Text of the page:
Henningsen v. Bloomfield Motors, Inc.
(Assent to Standardized Forms)
- Henningsen v. Bloomfield Motors, Inc., 32 N.J. 358, 161 A.2d 69 (1960)
BY: James F. Polk – AISOL YEAR ONE STUDENT
History: The Supreme Court of New Jersey
CLAUS H. HENNINGSEN AND HELEN HENNINGSEN, PLAINTIFFS-RESPONDENTS AND CROSS-APPELLANTS, v. BLOOMFIELD MOTORS, INC., AND CHRYSLER CORPORATION, DEFENDANTS-APPELLANTS AND CROSS-RESPONDENTS.
history: Court of Original Jurisdiction
- Plaintiff: CLAUS H. HENNINGSEN AND HELEN HENNINGSEN, PLAINTIFFS-RESPONDENTS AND CROSS-APPELLANTS
- Defendant: BLOOMFIELD MOTORS, INC., AND CHRYSLER CORPORATION, DEFENDANTS-APPELLANTS AND CROSS-RESPONDENTS.
- The Plaintiff Henningsen’s car steering failed.
- The Henningsen’s had purchased the vehicle from the Defendants Bloomfield Motors.
- Specifically Mr. Henningsen had purchased the vehicle from Bloomfield who had acquired it from Chrysler Corp. and had then given it as a gift to his wife Mrs. Henniingsen.
- The Purchase Contract had a Disclaimer of all Express and Implied Warranties on the back.
- There was an exception for repairing or replacing defective parts within 90 days or 4,000 miles after the car was delivered to the original buyer.
- Henningsen brought an action for negligence and breach of warranty.
- Her negligence claim was dismissed.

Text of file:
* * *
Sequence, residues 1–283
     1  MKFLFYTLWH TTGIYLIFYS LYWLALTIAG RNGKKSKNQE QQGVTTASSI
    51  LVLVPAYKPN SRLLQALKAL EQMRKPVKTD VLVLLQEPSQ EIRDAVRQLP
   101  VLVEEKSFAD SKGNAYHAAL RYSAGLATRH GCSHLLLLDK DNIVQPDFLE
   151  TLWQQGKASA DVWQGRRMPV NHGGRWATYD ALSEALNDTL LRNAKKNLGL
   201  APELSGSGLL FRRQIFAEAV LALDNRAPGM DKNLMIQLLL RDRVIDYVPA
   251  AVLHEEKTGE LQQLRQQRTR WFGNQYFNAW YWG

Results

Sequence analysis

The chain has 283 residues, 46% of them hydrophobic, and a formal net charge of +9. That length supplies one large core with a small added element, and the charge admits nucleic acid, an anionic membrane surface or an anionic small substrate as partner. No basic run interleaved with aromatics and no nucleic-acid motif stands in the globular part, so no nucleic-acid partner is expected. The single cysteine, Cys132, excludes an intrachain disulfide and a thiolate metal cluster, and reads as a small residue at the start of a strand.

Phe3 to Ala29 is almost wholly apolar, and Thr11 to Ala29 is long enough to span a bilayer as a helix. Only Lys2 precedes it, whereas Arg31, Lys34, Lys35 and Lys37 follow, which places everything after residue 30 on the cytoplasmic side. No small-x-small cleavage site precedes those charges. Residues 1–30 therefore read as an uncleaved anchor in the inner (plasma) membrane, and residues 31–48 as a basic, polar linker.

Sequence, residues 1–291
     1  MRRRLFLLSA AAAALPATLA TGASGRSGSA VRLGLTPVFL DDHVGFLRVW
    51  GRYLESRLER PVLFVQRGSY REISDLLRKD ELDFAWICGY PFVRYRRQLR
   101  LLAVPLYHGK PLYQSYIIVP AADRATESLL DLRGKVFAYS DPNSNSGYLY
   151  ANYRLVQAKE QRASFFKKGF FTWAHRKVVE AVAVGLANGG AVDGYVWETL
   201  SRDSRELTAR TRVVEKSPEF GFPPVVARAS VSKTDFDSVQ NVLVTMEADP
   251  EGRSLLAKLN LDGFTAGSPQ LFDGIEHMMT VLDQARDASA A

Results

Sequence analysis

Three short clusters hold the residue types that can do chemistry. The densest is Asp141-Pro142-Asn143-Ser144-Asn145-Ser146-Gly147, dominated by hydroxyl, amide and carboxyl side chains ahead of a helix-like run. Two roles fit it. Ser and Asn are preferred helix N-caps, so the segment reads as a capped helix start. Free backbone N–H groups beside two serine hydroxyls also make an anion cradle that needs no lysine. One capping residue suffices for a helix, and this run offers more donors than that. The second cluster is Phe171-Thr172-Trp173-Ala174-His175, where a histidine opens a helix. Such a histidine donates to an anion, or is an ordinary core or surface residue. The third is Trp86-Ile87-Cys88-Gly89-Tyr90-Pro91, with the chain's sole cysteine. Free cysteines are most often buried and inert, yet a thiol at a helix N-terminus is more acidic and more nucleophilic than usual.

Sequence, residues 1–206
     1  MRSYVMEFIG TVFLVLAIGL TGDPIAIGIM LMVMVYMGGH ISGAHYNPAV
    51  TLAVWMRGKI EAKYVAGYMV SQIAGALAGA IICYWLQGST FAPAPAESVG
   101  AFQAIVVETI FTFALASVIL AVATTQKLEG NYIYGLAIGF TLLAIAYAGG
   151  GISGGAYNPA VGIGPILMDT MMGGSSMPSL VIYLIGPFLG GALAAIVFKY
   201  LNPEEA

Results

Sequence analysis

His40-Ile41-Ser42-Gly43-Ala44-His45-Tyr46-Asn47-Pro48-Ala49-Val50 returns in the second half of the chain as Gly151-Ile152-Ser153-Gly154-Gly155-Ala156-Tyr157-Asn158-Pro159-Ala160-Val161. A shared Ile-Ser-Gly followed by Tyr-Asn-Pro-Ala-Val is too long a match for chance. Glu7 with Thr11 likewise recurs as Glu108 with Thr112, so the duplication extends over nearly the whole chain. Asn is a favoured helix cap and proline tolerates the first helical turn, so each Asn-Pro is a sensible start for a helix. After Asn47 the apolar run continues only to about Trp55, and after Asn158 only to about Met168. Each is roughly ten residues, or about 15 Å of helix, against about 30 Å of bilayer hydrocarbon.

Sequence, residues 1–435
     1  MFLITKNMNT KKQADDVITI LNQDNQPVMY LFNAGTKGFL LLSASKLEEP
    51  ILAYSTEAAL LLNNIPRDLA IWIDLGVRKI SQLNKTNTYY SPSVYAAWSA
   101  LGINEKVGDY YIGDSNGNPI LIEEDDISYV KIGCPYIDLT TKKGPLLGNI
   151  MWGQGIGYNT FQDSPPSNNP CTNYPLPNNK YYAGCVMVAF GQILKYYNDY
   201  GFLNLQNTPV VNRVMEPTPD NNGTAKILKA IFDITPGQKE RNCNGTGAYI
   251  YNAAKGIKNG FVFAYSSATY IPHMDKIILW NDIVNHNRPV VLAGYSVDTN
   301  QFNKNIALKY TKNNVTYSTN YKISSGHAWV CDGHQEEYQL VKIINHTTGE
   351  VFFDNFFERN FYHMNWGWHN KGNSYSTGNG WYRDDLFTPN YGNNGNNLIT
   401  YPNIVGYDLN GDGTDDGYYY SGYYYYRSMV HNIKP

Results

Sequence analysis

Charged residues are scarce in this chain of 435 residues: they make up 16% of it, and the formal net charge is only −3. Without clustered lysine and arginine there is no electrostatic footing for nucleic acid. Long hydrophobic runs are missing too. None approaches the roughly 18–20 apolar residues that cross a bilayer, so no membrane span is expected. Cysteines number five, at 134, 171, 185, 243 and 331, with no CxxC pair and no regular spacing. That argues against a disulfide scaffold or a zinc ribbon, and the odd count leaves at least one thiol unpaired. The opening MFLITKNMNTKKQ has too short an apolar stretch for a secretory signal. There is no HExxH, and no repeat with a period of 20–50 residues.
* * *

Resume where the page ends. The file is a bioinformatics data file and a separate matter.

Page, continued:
- The breach of warranty claim proceeded to the jury.
- This form was widely used throughout the automotive industry, but the jury found in her favor.
Issue: Is the limited liability clause of the purchase contract valid and enforceable?
Reasoning: A disclaimer of limitation of liability will only be given effect if fairly procured. If it is not pointed out as existing and the main points at least addressed then it has been unfairly procured given the disparity in bargaining power of the parties.
Analysis: Disclaimers are not enforceable where the waiver language is not explicit in the contract nor mentioned specifically by the salesperson. Consumers must be made aware of disclaimers, or they must be clear and explicit, for them to be recognized by courts as limitations on liability.
Conclusion: Held. No. The general rule states that, in the absence of fraud, one cannot seek relief from the terms of a contract that he fails to read before signing it. However, due to the gross inequality in bargaining positions occupied by an automobile dealer and a consumer, a disclaimer of liability will not be enforced if it is not brought to the purchaser’s attention or it is not clear and explicit. Here, Defendant did not make Plaintiffs aware of the language on the back of the purchase contract, and Defendant never addressed the language with Plaintiffs.
Consumers must be made aware of disclaimers, or they must be clear and explicit, for them to be recognized by courts as limitations on liability.